Corrections or additions?
This article was published in U.S. 1 Newspaper on December 22,
1999. All rights reserved.
Marlo Bodinizzo and Home Front
When HomeFront began in 1989, it grew like the
game of the Farmer in the Dell, with each new volunteer getting
about the needs of indigent families living in Route 1 motels, each
one asking someone else into the circle of givers. They were giving
not just cash, but also time and energy and emotional support for
others truly less fortunate.
In 1990 the U.S. 1 Helping Hands issue honored Connie Mercer (the
instigator of what was then called the Exchange Club) and the other
volunteers who were delivering food and clothing to families in the
motels (December 19, 1990).
Now we focus on one newcomer to the HomeFront corps. Last year Marlo
J. Bodinizzo participated in a barbecue for HomeFront’s children
by her employer, the pharmaceutical consulting firm, ZS Associates,
at 504 Carnegie Center. "We had a huge barbecue with balloons,
face painting, and prizes," she says. "I’ve never seen kids
have a better time in my life. It was heartwarming."
This year she is working at EyeWorld News Service at Washington Park
(14 Washington Road), and when she received a letter asking for
to support a Saturday children’s program, she did more than send a
personal donation. She organized a food, clothing, and cash
drive among the two dozen companies at Washington Park.
Bodinizzo says when she was growing up she had "everything I
whenever I wanted." Bodinizzo’s father does design work for PSE&G,
and her mother is a homemaker. She has a younger brother, an
chemist at International Hydronics on Crescent Drive. A graduate of
Steinert, Class of 1989, she earned her associate’s degree in
and design from Mercer County Community College, and she has worked
for the Princeton Packet, Triangle Art, Old Grange Graphics,
Data Associates, and ZS Associates.
Now, she says, "My heart goes out to them, to the kids that don’t
have anything. I just like doing things for other people, and to put
other people before myself. It makes me feel good to do nice things
for other people."
"When I started this job at EyeWorld I took it on myself to call
HomeFront and ask for a truck to pick up the donations. I typed up
a letter and had delivered it to the companies in the office park.
We put two boxes in each of the seven buildings, and every few days
I bring my tape gun, tape up the box, and replace it with a clean
box," says Bodinizzo. She and her boss, Donald Long, credit the
landlord, (represented by Briege Walker) with cooperating with this
drive. "Our storage room is filled to the ceiling, filled with
clothes, food, toiletries, and diapers."
What about cash? As of press time, except for what Bodinizzo and Long
have donated, the drive had reaped no monetary donations. Some donors
will gladly spend money to buy a toy for a tot or canned goods for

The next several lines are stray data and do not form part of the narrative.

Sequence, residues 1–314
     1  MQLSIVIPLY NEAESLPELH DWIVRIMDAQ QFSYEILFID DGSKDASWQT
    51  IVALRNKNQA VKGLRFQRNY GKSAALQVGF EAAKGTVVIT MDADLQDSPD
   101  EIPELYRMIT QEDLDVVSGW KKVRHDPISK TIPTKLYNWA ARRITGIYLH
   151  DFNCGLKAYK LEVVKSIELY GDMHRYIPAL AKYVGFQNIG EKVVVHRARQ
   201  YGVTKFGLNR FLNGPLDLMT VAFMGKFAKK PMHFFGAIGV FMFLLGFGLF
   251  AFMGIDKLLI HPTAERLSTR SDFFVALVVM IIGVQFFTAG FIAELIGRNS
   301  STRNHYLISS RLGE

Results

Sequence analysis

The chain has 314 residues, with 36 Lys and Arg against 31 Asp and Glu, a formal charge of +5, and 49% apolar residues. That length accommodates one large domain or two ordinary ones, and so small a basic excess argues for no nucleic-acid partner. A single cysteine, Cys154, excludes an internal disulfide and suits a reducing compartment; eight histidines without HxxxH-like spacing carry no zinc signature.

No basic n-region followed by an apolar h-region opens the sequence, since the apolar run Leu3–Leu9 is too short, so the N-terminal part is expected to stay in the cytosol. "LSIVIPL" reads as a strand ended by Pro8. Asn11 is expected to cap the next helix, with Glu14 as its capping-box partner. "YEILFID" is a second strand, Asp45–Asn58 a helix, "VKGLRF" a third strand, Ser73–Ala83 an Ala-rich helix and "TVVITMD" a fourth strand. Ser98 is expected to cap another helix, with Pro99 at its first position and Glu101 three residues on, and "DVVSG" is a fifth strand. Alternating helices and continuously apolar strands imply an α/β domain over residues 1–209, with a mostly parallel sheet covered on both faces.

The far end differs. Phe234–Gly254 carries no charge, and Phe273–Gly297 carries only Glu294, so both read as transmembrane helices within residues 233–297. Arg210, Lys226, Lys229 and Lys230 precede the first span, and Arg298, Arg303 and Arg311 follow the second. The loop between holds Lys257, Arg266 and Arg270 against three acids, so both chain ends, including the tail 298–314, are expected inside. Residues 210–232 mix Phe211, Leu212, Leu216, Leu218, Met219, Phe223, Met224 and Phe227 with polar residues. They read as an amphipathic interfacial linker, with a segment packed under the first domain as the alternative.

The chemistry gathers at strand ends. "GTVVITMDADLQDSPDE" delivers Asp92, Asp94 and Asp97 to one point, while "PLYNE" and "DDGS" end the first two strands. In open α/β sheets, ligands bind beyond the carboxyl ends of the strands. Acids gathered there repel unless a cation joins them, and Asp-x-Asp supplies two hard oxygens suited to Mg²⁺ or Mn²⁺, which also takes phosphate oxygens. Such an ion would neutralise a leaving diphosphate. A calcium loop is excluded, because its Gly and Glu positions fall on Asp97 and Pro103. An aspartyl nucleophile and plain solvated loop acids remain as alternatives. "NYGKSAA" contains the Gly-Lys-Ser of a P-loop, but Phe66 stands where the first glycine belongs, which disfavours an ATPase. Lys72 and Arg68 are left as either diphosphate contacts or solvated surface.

the hungry, but to sit down and write a check for cold, hard cash
is another matter.
And that’s the real problem. All charities, HomeFront
included, find that cash is the most efficient way to fill a need.
No matter how many jars of spaghetti sauce are in your food pantry,
you can’t use them to pay the $1,000 rent deposit that will move a
homeless family out of a motel room and into a real home. No matter
how many warm sweaters and mittens are collected, they can’t be used
to pay the $45 charge for one night in a cheap motel.
Two years ago HomeFront did not need to pay for basic assistance such
as room rent. It could concentrate on giving classes in parenting
and household management to enable clients to become self sufficient.
But because of public policy changes designed to take people off the
welfare rolls, it has had to redirect its resources away from helping
people achieve permanent independence and instead just do band-aid
"With dramatic increases in the number of families seeking
says Mercer, "the system is currently at the breaking point. Many
of the families are no longer eligible for government supports when
an emergency hits. Most are working poor. Some have disabilities."
Here are some of the problems she cites:
agencies report, a working adult heads about 70 percent of the
seeking shelter. Government funds from a variety of sources can be
used for rental assistance, security deposits, back utility bills,
and emergency placements. In previous years, these dollars lasted
until the end of November. This year the money ran out in mid June.
"The private agencies have scrambled to meet the gap, but they
are unable to continue to meet the need," says Mercer.
has seen a rise of 370 percent in homeless children in the last 10
years. "Public funding for homeless services has essentially
the same over the same period," says Mercer.
been running at capacity since July 1. Two low-income housing units